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Impact Story: Commemorating the 20th Anniversary of Families Fighting Flu

Posted on May 3, 2024
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When what would eventually become Families Fighting Flu started forming 20 years ago, it was under circumstances in which no family wants to find themselves. Our founding families had recently gone through the worst pain imaginable–losing a loved one–and were figuring out how to navigate their lives without their children and loved ones who passed away after battling the flu. 

“It’s still very rare for families to deal with sudden deaths from illness,” said Alissa Kanowitz, whose 4-year-old daughter Amanda succumbed to the flu in 2004. “It’s not a car accident, cancer, or long-term illness where you have time to prepare. It’s a lonely, isolating place to be.”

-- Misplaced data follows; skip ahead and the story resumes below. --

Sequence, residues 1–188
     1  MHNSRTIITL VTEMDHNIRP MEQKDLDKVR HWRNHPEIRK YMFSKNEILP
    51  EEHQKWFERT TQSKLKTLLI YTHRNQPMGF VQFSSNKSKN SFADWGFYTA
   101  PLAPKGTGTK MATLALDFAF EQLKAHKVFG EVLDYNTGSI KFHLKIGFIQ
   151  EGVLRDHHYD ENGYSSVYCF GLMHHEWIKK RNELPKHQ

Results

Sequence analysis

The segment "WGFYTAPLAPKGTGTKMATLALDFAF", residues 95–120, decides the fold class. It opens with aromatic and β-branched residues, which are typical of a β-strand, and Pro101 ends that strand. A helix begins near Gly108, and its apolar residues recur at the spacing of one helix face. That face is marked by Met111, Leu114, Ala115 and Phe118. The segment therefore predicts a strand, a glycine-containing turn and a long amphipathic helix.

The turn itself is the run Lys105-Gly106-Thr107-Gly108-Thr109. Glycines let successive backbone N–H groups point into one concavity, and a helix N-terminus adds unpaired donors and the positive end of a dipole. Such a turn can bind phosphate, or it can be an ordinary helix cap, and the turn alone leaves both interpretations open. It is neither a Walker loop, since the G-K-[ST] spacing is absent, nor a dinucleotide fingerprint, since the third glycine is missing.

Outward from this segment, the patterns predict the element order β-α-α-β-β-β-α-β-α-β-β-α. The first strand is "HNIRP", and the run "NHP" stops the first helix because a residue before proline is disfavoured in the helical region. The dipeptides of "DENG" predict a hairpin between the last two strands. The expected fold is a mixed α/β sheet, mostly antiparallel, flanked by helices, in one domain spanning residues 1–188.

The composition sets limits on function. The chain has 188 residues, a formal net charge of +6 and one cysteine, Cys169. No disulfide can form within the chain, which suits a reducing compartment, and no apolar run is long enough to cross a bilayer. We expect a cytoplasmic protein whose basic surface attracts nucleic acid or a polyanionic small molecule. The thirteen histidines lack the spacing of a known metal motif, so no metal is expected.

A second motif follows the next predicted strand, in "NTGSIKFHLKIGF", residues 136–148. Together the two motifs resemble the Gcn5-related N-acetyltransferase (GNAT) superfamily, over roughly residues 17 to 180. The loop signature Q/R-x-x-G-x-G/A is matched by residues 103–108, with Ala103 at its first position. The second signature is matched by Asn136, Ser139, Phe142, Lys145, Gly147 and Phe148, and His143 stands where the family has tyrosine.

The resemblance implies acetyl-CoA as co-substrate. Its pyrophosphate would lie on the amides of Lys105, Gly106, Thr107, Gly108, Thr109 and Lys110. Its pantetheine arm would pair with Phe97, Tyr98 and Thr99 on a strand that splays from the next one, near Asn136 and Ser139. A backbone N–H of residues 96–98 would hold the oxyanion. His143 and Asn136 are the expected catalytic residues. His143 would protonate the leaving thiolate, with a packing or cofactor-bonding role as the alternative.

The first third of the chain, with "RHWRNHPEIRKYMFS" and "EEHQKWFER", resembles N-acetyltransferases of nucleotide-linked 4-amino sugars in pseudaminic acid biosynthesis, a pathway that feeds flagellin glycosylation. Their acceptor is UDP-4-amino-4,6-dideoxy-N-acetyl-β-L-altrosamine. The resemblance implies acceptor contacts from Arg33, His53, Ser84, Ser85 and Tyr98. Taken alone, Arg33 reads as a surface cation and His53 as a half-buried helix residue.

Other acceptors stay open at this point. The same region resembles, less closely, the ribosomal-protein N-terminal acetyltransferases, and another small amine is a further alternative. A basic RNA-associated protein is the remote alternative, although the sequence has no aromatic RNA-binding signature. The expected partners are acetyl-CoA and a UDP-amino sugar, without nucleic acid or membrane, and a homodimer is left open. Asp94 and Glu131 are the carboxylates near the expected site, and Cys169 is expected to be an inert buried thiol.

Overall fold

Twenty years later, our organization not only consists of families who have lost a loved one to the flu or had a family member suffer serious medical complications as a result of the flu but also healthcare professionals and other advocates committed to flu education and prevention. 

As we commemorate this 20th anniversary of our founding, we wanted to look back on some of our history and the families that have contributed to the cause along the way.

4-Year-Old Amanda Kanowitz

New York, March 1, 2004

Burying a loved one is never easy but it’s made even more difficult when you find out that their death may have been preventable had you had the right recommendations in place. At the time of our founding, medical experts did not recommend that healthy children receive flu vaccinations. As the mother of a healthy 4-year-old, Alissa Kanowitz was one of many parents who followed the national recommendations, unaware that a flu vaccine could make the difference between life and death.